International Society for Science & Religion - Library Project

Minds and Gods: The Cognitive Foundations of Religion

by Todd Tremlin

Introductory Essay by Howard J. Van Till

There are many books that constructively engage the question, How are science and religion related? During the last couple of decades, however, a new type of science and religion question has rightly gained increasing attention. It is a question concerning cause and effect: From the standpoint of empirical science, why is religion such a ubiquitous, passionate, and persistent phenomenon in the human species? Why do nearly all humans hold some collection of religious beliefs—propositions that posit or entail the existence and action of supernatural agents (usually person-like, non-corporeal beings)?

This is the central concern of Todd Tremlin’s book, Minds and Gods: The Cognitive Foundations of Religion, written as an introductory overview of the field now called the “cognitive science of religion.” Cognitive science investigates the mental processes by which we come to know or believe something. The cognitive science of religion applies its investigative tools to the phenomena of religious beliefs and practices. Its goal is not to determine whether any particular religious belief is true or false, but rather to discover why and how humans arrive at religious beliefs and engage in religious practices in the first place.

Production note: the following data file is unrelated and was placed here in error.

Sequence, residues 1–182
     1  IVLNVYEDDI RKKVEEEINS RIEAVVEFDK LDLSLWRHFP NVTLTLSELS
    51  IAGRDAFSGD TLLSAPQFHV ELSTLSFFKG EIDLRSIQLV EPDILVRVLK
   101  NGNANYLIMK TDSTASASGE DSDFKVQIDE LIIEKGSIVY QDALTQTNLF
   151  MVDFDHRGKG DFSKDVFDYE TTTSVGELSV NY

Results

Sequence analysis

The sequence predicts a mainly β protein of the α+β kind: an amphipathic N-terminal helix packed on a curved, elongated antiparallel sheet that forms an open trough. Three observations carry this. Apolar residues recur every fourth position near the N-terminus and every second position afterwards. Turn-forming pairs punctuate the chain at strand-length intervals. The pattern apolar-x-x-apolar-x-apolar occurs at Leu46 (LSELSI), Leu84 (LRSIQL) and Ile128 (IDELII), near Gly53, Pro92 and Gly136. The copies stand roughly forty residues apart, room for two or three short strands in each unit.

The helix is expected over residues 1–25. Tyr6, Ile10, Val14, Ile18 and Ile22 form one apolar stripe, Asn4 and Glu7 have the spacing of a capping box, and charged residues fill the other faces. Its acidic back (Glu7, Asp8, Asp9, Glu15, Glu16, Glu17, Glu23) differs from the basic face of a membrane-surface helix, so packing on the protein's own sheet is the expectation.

In Tremlin’s own words, “The central claim of this book is that understanding the origin, composition, and persistence of religion and the supernatural beings it features requires an understanding of the evolved human mind” [10]. In the opening chapter, “The Prehistoric Roots of the Modern Mind,” Tremlin calls attention to the need to recognize the modern mind as the product of its evolutionary history. The point is straightforward: what our brains are able and prone to do today is what they needed to do in order to survive yesterday. In the following chapter, “The Architecture of the Modern Mind,” Tremlin connects the modern mind’s cognitive proclivities to the mental structures and functions that are the natural products of human evolution.

But why is the modern mind naturally predisposed to posit the existence of active supernatural agents—“gods”? What is it about human evolution that would lead to the development of that particular sort of mind? That is the main question at issue in the chapter titled, “Minds, Other Minds, and the Minds of Gods.”

In the remaining chapters Tremlin continues to probe the cognitive dimension of religion: What sort of god concepts turn out to be most plausible and relevant to the lives of individuals? How accurately do the official theologies of religious groups reflect the god concepts that actually function in the human mind? Why are communally-professed god concepts so remarkably effective in forming strong and long-lasting social coalitions? What can social psychology and neuroscience contribute to our understanding of the role of cognition in the operation of selective forces present in religious systems?

In answer to the question, “Why do people believe in God?” traditional religion has often spoken of belief rooted in “our innate knowledge of God,” or of belief as “our response to Divine Revelation.” Tremlin’s book, however, offers a radically different approach that deserves to be thoughtfully engaged. Related books that deserve comparable attention: Justin L. Barrett’s Why Would Anyone Believe in God? and Pascal Boyer’s Religion Explained: The Evolutionary Origins of Religious Thought.